AI-Generated art: What it is and why it’s harmful

By: Bijou Kruszka

Artificial intelligence: a concept that was previously confined to the realm of science fiction. Now, with the rise of programs like ChatGPT, it’s more of a reality than ever before. But what does it have to do with art, and the future of artists everywhere? A lot more than you’d think.

AI art generators are websites that, as their
name would suggest, generate art from simple prompts.
It has the user input a word or short phrase. Then, using
specific algorithms, it analyzes thousands of images and takes elements from each, creating a new “original” image. This process typically lasts about 5 minutes. From broad concepts to ultra-specific characters, AI art can tackle it all. While typically better at abstract landscapes than portraits, some of these outputs are shockingly good. Now, this technology is becoming more readily available.

While AI art generators have technically been in existence for years, they have really risen in popularity recently. With social media trends using AI art generator websites like Wombo Dream and Craiyon, AI-generated art is something that is now much more in the public consciousness. According to Google Trends, interest in the phrase “ai art” significantly spiked in December. Before, it was relatively obscure. Now, it seems everyone has tried these websites themselves. However, its newfound popularity has also created a lot of controversies.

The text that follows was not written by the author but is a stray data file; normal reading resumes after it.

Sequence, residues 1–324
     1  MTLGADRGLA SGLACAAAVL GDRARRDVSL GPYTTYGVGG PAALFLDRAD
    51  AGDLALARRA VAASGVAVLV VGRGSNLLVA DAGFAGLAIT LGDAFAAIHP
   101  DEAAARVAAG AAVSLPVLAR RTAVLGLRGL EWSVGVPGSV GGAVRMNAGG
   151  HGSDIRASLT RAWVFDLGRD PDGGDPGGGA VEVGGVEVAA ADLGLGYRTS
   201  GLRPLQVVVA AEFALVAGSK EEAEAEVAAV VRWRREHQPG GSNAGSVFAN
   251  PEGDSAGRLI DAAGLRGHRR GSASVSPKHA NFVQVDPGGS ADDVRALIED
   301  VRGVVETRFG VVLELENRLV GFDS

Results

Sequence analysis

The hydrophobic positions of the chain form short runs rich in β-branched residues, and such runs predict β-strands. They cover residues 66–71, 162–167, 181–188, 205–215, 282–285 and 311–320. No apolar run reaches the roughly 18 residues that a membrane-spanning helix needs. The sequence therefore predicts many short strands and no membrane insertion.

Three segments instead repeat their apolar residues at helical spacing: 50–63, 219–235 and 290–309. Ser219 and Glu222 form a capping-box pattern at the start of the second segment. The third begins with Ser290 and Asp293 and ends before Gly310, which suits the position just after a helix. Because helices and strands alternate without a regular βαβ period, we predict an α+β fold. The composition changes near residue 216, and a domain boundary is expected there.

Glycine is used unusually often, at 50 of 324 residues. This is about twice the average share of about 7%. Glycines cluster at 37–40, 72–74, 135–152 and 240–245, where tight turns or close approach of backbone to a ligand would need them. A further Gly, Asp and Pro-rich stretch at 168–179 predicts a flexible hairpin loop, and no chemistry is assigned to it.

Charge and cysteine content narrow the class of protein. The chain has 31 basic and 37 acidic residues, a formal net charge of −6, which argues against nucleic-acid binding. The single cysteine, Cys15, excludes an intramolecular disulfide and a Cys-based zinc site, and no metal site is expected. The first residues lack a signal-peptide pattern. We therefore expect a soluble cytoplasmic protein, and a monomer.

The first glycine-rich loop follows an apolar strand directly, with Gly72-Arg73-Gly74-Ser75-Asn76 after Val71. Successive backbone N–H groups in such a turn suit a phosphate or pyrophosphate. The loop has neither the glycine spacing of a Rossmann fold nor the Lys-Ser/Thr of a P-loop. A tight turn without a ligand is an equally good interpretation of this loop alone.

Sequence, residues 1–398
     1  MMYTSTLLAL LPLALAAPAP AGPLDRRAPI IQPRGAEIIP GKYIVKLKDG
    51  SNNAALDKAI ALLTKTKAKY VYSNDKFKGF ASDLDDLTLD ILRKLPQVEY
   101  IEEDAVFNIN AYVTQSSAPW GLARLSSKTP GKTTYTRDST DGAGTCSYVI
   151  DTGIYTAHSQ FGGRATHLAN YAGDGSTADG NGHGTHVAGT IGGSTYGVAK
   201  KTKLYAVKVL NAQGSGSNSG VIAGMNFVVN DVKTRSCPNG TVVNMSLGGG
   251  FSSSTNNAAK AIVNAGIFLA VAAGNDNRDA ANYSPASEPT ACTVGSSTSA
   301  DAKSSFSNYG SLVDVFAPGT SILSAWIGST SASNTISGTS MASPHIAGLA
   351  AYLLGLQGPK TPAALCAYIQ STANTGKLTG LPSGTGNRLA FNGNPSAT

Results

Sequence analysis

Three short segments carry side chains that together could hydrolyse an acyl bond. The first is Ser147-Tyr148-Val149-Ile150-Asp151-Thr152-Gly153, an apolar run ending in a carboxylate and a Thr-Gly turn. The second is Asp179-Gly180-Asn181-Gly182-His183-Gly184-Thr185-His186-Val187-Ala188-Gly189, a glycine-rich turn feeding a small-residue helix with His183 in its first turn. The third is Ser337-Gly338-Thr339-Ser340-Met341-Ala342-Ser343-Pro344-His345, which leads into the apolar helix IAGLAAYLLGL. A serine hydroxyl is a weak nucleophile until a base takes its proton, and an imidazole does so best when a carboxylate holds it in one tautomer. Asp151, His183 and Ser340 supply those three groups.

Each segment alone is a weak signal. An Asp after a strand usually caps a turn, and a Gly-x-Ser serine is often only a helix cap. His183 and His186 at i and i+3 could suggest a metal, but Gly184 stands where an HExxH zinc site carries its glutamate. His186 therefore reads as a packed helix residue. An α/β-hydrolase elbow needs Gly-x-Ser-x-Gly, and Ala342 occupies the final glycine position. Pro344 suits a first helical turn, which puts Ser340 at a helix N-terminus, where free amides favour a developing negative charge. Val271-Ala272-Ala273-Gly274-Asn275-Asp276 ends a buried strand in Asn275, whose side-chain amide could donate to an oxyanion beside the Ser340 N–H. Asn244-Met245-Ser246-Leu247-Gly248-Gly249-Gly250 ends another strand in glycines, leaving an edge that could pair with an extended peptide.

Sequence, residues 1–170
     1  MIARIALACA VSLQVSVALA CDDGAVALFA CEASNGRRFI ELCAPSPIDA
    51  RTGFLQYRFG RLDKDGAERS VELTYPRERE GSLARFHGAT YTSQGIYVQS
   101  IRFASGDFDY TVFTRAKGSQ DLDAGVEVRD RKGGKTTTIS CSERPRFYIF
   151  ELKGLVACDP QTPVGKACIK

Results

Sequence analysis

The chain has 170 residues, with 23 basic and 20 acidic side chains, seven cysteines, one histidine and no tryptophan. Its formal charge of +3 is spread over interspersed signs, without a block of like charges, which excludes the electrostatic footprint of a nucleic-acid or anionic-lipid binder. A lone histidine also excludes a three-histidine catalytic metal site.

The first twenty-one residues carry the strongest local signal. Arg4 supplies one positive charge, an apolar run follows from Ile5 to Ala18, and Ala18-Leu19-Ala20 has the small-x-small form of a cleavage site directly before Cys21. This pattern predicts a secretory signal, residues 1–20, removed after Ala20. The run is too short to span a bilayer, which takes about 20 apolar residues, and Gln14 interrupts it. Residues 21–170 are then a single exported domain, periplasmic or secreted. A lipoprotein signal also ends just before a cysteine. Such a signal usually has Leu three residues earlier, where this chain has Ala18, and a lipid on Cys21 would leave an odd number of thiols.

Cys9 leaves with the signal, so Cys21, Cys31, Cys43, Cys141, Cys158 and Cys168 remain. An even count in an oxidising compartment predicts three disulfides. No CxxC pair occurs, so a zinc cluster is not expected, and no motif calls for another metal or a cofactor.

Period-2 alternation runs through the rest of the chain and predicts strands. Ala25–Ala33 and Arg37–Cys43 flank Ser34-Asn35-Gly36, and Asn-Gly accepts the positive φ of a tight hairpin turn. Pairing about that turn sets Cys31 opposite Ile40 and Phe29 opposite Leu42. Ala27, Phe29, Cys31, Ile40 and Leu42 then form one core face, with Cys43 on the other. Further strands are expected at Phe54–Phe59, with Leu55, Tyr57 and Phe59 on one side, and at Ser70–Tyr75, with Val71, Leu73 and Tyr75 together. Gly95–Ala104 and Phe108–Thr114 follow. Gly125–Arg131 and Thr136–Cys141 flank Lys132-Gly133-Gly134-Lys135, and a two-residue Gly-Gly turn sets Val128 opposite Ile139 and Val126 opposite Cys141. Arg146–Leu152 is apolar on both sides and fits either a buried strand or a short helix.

While there is something to be celebrated in this progression of technology, there is also something to be worried about. When artificial intelligence can create art in a range of styles in a very short amount of time, where does that leave humans?

Why pay a human a large sum of money for something that takes hours of hard work when you could just type what you want into a generator online and have it produced 5 minutes later? The human artists were also the ones to create the art that is being analyzed by these robots, but they are given no credit in the final product, nor are they compensated for their art being used. They are stealing from artists, jumbling their pieces together, and trying to claim that it is original.

While the technology has its flaws, often not being able to produce a normal-looking hand or face, it still is dangerous for human artists, especially when these programs improve further. These generators are stealing content and endangering the jobs of all human artists, and will continue to do as it improves its algorithmic skills.

To combat the rising popularity of AI art generators, many artists online have risen. The #NoToAI tag is full of human artists discussing these issues and boycotting the generators, asking others to do the same. By protesting these websites, there is a possibility for change.

So, if you need art and are considering using artificial intelligence, reconsider and commission a human instead.

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